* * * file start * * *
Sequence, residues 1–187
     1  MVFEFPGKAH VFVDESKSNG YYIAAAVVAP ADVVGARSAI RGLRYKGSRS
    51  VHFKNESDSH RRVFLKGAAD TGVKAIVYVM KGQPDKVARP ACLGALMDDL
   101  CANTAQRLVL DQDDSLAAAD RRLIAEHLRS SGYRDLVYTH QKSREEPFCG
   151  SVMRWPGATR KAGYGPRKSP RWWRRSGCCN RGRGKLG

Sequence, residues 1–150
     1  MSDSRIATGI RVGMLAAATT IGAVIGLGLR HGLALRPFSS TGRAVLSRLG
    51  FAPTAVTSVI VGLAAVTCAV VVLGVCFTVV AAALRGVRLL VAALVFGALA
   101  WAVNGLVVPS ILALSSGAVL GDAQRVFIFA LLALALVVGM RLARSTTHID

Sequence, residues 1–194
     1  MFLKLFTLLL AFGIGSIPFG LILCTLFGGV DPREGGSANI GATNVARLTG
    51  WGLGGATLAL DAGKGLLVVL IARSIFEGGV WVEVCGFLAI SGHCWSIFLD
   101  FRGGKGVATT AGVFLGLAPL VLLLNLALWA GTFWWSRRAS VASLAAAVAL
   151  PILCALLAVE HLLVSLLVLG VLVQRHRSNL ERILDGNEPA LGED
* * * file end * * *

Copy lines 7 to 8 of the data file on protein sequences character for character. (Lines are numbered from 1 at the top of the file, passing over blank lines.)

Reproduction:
     1  MSDSRIATGI RVGMLAAATT IGAVIGLGLR HGLALRPFSS TGRAVLSRLG
    51  FAPTAVTSVI VGLAAVTCAV VVLGVCFTVV AAALRGVRLL VAALVFGALA